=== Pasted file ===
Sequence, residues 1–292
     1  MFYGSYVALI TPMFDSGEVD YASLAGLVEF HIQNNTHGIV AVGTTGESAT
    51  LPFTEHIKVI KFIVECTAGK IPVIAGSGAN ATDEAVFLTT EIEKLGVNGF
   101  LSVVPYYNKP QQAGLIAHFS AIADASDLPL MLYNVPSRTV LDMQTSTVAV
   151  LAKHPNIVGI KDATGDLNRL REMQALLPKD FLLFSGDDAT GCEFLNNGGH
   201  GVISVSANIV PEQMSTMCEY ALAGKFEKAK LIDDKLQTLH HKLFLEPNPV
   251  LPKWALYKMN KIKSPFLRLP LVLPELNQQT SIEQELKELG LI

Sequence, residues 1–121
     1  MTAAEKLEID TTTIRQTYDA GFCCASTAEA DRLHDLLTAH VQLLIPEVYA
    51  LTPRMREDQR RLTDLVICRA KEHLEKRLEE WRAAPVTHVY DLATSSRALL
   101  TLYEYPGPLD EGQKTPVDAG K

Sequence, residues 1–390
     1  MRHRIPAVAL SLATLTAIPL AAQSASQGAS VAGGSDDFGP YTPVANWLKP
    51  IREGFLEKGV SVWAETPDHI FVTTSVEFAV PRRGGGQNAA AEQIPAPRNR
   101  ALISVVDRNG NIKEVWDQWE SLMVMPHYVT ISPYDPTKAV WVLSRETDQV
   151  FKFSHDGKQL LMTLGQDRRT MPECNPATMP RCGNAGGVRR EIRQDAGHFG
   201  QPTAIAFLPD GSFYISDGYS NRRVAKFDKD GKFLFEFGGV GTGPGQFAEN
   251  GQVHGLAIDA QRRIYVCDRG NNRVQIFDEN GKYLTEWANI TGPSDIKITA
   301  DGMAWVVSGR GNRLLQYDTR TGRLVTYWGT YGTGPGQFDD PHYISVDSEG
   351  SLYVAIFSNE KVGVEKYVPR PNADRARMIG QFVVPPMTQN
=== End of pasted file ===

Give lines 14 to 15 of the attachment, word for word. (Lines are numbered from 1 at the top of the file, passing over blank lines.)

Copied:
    51  IREGFLEKGV SVWAETPDHI FVTTSVEFAV PRRGGGQNAA AEQIPAPRNR
   101  ALISVVDRNG NIKEVWDQWE SLMVMPHYVT ISPYDPTKAV WVLSRETDQV